Injuries seen in Operation Iraqi Freedom range from those that can be managed with nonsurgical wound care only to those requiring amputation or multiple bony and soft-tissue procedures for limb salvage. The contamination and soft-tissue injury caused by exploding ordnance requires an aggressive treatment approach. Severe wounds treated near the battlefield (ie, level II) require meticulous surgical débridement, early fracture stabilization, broad-spectrum antibiotics, and rapid evacuation. Treatment at a level III combat support hospital involves a greater volume of patients and a longer stay because of the presence of Iraqi national patients. In the authors' experience, most US patients requiring surgical treatment were evacuated to a level IV facility (ie, Landstuhl Regional Medical Center) after one or two surgeries. The basic war surgery principles of aggressive resuscitation, early and thorough débridement, short-duration damage-control surgical procedures, and rapid evacuation were critical in our reduction of wound infection rates to below 7% for all admissions.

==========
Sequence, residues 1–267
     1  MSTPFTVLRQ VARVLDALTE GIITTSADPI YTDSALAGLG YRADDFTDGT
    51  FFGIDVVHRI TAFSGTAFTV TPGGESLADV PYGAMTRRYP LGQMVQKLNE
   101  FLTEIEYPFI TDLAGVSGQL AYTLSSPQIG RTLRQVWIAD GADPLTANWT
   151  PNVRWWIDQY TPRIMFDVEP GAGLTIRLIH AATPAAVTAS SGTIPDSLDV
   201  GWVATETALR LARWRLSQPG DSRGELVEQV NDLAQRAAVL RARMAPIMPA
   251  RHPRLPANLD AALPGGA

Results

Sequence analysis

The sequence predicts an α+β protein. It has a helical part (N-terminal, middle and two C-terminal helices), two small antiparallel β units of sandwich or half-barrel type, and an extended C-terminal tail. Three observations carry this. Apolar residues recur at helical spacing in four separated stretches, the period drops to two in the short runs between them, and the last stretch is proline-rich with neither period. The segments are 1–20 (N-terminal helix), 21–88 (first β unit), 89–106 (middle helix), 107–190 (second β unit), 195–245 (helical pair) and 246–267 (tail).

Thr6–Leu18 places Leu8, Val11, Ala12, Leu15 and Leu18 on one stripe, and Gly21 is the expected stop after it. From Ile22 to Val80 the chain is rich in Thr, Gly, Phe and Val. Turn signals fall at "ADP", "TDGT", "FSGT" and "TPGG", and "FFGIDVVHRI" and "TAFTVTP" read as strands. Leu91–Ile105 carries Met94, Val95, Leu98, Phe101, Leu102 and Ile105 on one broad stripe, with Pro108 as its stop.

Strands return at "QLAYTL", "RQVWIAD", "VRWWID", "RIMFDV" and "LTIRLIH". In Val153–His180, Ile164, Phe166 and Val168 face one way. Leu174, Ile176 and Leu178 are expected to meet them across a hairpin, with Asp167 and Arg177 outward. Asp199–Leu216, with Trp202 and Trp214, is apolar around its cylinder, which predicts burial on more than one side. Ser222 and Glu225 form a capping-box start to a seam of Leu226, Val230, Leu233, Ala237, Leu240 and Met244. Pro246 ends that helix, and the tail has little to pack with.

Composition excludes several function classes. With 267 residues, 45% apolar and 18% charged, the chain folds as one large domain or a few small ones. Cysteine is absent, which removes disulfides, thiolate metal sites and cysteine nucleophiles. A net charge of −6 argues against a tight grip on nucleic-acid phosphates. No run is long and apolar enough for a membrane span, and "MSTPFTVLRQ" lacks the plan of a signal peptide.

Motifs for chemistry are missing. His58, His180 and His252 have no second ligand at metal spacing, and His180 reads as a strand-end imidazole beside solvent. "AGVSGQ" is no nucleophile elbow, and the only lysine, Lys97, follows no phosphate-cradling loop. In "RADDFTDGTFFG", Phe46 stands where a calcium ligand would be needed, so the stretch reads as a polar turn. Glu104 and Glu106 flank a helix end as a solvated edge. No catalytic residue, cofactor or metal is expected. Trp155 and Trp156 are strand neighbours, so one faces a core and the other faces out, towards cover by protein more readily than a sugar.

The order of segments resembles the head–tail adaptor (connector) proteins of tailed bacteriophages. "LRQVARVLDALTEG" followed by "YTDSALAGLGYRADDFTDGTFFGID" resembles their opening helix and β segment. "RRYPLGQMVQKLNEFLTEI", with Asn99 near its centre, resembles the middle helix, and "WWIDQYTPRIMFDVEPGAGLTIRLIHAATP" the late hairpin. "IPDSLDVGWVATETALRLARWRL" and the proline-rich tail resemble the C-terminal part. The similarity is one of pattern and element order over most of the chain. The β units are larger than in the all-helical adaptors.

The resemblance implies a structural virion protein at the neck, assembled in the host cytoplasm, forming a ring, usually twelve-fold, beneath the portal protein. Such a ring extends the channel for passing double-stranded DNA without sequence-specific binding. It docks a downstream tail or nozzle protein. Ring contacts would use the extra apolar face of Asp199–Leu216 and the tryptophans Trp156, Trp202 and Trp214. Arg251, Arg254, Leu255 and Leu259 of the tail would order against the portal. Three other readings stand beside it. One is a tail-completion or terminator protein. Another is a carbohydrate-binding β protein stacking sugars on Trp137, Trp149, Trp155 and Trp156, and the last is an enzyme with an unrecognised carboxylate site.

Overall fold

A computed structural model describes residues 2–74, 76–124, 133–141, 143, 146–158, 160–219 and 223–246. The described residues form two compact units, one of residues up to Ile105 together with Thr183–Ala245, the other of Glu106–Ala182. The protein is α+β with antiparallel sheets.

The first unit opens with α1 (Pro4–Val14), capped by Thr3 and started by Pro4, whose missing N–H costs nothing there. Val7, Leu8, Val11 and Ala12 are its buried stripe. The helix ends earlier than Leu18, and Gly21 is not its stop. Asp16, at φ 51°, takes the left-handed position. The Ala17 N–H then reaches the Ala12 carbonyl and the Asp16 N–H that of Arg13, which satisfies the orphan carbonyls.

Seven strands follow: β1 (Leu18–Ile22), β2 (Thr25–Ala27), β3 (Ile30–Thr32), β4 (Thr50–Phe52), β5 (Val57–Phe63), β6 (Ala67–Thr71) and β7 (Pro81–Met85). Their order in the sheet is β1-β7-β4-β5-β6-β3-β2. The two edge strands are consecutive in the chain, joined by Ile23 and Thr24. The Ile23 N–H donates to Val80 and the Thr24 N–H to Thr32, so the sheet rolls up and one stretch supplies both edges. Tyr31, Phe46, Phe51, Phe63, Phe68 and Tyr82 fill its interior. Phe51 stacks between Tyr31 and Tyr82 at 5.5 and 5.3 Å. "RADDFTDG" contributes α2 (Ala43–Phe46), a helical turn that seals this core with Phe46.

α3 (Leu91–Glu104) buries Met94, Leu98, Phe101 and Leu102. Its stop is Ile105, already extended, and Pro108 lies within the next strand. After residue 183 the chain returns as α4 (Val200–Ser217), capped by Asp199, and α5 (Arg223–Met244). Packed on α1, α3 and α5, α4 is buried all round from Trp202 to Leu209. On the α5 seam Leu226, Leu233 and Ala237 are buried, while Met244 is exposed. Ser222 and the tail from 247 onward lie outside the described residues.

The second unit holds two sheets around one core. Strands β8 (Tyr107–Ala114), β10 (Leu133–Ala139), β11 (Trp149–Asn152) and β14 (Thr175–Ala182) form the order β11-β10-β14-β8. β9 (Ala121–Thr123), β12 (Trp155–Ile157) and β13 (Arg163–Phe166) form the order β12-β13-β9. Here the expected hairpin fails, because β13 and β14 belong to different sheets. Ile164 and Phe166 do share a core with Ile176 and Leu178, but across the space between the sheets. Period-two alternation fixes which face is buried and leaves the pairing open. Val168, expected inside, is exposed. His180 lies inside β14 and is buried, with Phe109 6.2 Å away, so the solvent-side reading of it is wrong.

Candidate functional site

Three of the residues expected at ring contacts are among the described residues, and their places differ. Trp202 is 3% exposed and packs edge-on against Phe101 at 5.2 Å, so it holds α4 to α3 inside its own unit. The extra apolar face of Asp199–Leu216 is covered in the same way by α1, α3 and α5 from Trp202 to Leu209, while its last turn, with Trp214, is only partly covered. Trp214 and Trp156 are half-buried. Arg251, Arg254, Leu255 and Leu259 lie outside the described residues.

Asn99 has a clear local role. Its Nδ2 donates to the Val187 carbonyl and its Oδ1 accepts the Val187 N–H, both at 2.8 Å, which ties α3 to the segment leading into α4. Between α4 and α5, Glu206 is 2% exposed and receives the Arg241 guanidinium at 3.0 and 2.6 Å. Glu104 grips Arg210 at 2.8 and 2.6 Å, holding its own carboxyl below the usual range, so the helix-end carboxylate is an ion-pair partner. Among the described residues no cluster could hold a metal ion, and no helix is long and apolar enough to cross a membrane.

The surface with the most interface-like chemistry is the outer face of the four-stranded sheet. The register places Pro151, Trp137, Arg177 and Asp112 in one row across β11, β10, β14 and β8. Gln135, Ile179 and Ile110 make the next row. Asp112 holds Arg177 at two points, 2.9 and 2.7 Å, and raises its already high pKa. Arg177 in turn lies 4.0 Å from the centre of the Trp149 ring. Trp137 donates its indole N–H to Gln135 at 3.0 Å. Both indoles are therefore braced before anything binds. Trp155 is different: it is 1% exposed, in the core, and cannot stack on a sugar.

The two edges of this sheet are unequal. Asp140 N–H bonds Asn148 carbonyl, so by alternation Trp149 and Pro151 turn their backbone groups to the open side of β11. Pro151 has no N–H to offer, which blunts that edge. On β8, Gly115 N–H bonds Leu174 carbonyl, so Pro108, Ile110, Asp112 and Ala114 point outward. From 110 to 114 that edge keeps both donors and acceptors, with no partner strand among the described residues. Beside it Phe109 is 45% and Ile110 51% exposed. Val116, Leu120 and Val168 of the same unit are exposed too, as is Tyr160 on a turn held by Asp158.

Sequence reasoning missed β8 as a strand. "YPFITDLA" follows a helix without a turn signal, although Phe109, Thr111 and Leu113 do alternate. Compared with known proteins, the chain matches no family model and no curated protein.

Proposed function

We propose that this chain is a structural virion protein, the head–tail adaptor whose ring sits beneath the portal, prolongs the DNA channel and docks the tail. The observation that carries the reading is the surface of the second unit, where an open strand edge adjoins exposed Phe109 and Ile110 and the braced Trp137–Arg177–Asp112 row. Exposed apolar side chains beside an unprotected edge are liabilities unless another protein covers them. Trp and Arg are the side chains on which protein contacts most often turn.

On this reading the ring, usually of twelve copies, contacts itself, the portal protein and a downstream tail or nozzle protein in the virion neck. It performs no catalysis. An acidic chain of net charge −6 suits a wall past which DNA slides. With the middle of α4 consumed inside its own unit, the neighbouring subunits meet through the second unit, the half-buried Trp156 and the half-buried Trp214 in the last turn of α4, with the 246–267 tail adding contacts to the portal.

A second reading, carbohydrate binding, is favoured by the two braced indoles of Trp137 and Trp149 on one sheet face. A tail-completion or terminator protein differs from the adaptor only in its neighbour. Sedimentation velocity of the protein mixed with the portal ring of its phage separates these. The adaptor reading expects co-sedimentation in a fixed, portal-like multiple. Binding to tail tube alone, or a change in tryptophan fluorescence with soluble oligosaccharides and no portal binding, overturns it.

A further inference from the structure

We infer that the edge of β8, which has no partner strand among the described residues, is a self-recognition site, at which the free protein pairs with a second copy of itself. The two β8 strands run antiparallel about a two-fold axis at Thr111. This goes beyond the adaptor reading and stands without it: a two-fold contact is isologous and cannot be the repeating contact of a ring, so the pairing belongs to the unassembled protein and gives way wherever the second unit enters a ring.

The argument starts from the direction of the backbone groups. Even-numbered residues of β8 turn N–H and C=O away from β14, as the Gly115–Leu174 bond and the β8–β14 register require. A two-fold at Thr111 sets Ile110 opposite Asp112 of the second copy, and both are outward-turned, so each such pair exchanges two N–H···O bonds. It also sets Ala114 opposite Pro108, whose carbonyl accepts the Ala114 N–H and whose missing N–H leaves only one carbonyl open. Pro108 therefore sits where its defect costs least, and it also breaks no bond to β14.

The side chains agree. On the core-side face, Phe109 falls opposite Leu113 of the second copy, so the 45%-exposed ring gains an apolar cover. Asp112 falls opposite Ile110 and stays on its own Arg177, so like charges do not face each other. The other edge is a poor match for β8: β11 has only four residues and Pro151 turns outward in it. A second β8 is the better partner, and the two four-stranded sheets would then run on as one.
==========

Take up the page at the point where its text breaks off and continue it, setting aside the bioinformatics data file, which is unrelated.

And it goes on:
|Original language||English (US)|
|Journal||Journal of the American Academy of Orthopaedic Surgeons|
|State||Published - Sep 2006|
ASJC Scopus subject areas
- Orthopedics and Sports Medicine